The countries considered for the EPA’s report were Cyprus, the Czech Republic, Denmark, Estonia, France, Germany, Iceland, Ireland, Italy, Luxembourg, Malta, Netherlands, Romania, Spain and Sweden.

The shortlist

Six countries – Cyprus, Denmark, Ireland, Luxembourg, Malta and Sweden – have suggested timelines of between three and six months from the date of submission of a completed application to obtaining a licence, and therefore comprise the shortlist of potential locations.

In addition, all these countries have a readily available pool of local talent in the e-commerce and payments sectors.

Priorities for PSPs setting up payment institutions (PIs) or electronic money institutions (EMIs)

  • Tax rates (both personal and corporate);
  • The ease of transferring contracts across borders
  • The availability of experienced executives to take the role of registered officers;


Experienced PSPs able to accommodate a degree of risk will put a greater deal of emphasis on the tax rates – both corporate and personal.


Cyprus has a favourable tax rate at 12.5%, with an open and cooperative regulator and UK-derived legal structure.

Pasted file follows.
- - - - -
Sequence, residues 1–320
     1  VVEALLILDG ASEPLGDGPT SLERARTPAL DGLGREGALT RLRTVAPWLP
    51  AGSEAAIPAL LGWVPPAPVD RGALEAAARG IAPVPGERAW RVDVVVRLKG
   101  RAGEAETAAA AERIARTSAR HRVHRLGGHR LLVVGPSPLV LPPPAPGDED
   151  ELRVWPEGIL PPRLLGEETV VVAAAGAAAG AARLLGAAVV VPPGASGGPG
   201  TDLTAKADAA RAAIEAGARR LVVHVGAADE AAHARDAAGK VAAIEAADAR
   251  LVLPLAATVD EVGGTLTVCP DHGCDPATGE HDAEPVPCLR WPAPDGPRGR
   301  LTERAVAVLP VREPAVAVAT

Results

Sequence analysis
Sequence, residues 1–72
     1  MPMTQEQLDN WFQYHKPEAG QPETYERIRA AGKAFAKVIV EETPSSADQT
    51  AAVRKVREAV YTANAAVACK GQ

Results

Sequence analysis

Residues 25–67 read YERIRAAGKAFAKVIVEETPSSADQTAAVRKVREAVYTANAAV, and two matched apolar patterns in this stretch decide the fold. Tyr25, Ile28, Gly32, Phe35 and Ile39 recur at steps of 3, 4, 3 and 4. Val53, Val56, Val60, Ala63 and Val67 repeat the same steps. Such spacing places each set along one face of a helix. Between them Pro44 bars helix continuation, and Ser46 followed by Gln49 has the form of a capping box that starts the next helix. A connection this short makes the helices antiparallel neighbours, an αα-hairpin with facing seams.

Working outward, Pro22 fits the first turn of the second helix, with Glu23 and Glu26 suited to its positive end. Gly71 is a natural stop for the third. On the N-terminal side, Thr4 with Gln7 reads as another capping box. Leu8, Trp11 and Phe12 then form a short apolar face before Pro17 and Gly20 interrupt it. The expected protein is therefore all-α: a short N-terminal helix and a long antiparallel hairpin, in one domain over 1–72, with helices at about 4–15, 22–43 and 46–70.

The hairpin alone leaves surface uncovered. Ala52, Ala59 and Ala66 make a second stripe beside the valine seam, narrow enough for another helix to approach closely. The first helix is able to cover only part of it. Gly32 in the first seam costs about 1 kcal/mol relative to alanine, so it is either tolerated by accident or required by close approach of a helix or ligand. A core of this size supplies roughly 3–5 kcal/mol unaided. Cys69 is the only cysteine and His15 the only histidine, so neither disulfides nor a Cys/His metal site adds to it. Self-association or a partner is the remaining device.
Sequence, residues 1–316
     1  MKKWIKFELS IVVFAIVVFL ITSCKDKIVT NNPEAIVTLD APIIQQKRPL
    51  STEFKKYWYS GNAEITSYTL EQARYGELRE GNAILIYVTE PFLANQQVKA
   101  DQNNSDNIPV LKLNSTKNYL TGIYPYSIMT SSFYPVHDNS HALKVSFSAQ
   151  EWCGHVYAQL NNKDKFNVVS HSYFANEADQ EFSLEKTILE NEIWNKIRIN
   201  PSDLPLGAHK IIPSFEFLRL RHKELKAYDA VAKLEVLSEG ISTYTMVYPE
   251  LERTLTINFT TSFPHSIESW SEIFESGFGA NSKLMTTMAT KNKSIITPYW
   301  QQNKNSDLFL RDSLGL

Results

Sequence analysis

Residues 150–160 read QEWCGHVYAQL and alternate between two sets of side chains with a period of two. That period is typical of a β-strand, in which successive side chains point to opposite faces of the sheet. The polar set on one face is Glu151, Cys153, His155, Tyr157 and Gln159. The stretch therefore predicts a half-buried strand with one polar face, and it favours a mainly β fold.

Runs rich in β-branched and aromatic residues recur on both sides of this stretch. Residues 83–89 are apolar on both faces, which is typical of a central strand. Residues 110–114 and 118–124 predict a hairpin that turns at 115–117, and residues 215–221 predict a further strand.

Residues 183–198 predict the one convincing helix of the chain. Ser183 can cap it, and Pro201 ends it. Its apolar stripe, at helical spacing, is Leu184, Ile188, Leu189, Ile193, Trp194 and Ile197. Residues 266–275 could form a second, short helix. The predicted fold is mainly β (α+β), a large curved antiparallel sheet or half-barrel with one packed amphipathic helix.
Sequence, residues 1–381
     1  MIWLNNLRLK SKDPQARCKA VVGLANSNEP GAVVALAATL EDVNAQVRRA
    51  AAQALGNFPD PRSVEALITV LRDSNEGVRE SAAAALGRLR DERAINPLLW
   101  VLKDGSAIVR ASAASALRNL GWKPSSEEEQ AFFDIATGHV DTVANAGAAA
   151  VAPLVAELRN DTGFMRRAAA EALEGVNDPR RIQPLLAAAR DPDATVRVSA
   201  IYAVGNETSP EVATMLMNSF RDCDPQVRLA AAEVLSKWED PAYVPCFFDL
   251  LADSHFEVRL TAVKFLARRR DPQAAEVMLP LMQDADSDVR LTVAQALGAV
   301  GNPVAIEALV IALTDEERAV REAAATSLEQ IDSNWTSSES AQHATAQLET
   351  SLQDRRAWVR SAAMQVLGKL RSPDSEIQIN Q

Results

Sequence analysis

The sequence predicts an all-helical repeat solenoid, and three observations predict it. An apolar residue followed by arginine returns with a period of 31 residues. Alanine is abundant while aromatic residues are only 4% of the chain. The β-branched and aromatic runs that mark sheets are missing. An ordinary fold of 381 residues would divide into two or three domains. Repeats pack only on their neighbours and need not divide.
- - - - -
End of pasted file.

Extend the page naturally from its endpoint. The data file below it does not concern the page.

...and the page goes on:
It is relatively quick, inexpensive and easy to become regulated as an EMI or PI in Cyprus. Despite the country’s low rating on the fiscal rating scale, Cyprus holds appeal in its recent banking challenges and the active presence of Russian money and investors.

There is a lack of local banking support, however – this being the main challenge in Cyprus. However, the law in Cyprus does not preclude an EMI from opening accounts with any other banking institution within the EU, so the lack of local banking support does not really matter.

Cyprus to date has a negative outlook on virtual currencies.

Denmark Denmark has shown a strong desire to attract fintech companies, despite having limited experience in regulating them.

The country has a very high level of use of electronic forms of payment, and the Danish regulator is open to developments in the payments sector.

Denmark shares a similar anti-money laundering (AML) environment to the UK, and the common use of the secure internet login, NemID, in Denmark makes the verification process for companies subject to AML regulation much easier than in most other countries. NemID is used for the verification of identity papers for Danish residents, and is commonly used.

Ireland The Republic of Ireland is one of the most obvious choices for international payments companies. Situated close to the UK, it is attractive for UK businesses. Being English-language speaking and having close ties with North America also makes it appealing.